Monday, February 6, 2012

Hatikvah - the Untold Story



Last Saturday night I taught a session called "Hatikvah - the Untold Story" at the Sweet Tastes of Torah community event in Fair Lawn NJ.  It was an exciting way for me to combine my interests in Israel, Jewish liturgical poetry, and music.

Here are some links to the resources I discussed about the evolution of the words and music of Hatikvah.

Words:

my source sheet


http://www.piyut.org.il/textual/359.html - Naftali Hertz Imber's original poem 'Tikvateinu'

http://www.musiccathedra.bravehost.com/hatikva.wmv and http://www.musiccathedra.bravehost.com/ch10.wmv - Hebrew video interviews with Astrith Baltsan about her book about Hatikvah, including discussion of the words and musical examples.




Music:


http://youtu.be/lDJUDqtxK6M - early recording of Hatikvah, 1918, by Alma Gluck and Efrem Zimbalist Jr  (using 'the old words')

http://youtu.be/adTjy-TIW_Q - Romanian folk song "Carul Cu Boi" ("A cart with oxen") -- the melody that Romanian immigrant Samuel Cohen (Rishon Letzion) suggested for Hatikvah

http://www.youtube.com/watch?v=3ifJ8JXVJRo - La Montavana - Italian song with similar melody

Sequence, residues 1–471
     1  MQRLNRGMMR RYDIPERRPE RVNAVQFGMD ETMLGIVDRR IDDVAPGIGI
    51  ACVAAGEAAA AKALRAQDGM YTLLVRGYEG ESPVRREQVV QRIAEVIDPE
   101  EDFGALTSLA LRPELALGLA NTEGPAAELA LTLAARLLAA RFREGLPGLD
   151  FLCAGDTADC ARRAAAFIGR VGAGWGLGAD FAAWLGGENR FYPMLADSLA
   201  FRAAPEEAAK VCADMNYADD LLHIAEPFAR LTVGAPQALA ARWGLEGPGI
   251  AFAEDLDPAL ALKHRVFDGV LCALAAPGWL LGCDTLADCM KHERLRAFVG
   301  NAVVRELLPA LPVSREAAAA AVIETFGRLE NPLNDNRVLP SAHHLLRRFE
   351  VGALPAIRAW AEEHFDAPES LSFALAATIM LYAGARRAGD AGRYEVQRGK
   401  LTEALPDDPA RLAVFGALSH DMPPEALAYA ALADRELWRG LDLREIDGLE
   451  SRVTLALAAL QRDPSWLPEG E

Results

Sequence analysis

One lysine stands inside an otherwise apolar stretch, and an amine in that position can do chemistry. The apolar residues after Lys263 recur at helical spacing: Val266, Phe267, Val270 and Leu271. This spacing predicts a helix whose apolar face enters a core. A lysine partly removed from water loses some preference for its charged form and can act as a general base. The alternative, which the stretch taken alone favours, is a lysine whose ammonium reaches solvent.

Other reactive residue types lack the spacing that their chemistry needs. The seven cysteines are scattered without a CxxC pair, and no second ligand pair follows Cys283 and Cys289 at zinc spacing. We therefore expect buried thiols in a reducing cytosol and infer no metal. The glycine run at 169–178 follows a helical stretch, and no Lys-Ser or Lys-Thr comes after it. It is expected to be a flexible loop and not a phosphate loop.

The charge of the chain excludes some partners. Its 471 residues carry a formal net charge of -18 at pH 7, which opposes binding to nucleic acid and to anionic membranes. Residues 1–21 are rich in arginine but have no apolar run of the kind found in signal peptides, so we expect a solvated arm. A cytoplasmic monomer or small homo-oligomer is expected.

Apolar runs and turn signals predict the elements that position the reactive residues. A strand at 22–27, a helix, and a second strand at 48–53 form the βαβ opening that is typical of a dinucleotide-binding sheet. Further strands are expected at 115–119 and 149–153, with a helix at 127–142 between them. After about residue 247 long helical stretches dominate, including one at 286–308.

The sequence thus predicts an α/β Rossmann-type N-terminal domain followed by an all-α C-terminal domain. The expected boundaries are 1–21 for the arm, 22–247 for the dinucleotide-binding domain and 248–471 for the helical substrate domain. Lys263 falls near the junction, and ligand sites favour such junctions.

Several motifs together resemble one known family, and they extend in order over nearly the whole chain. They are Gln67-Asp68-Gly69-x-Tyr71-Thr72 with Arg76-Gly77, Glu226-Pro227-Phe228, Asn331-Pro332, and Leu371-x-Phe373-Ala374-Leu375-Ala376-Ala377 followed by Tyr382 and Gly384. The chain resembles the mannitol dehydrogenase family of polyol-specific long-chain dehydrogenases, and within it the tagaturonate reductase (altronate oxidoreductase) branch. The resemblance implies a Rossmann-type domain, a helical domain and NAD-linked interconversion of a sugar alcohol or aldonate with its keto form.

http://www.youtube.com/watch?v=MMst624lBrA - Fuggi la questa cielo (starting around 2'15") - Italian love song based on La Montavana

http://www.youtube.com/watch?v=NO-ecxHEPqI - Mozart's 12 Variations 'Ah vous dirai-je Maman'  (otherwise known as 'Twinkle Twinkle Little Star').  Variation #8 (starting at 3'58") sounds remarkably similar to Hatikvah / Carul Cu Boi / La Montavana  -- in the session we speculated on why that might be.

http://www.youtube.com/watch?v=oOxIbhqZsKc -- Smetana's "Moldau"  (Vltava) from "Ma Vlast" -- starting around 1'05" - the most famous statement of the "Hatikvah" theme in Western classical music.  In the session we talked about how Smetana used folk materials in his composition, and that "The Moldau" sounds like Hatikvah not because Hatikvah is based on "The Moldau," but because both are based on similar earlier folk motifs.

http://www.youtube.com/watch?v=syUSmEbGLs4 -- perhaps the most emotional recording of Hatikvah, from 5 days after the liberation of Bergen-Belsen in 1945.

3 comments:

  1. Toda Raba Rabbi Scheinberg for this amazing collection and the research and time you spent to show it all to us.

    Eitan Cohen

    ReplyDelete
  2. Rabbi, have you done any research to share about Purim music
    Todah rabah.
    Linda Buxbaum
    Temple Beth Israel, Long Boat Key, Florida

    ReplyDelete
  3. "The Moldau" sounds like Hatikvah not because Hatikvah is based on "The Moldau," but because both are based on similar earlier folk motifs.

    Thank you. I always wondered why I thought of Hatikvah when hearing "The Moldau".

    ReplyDelete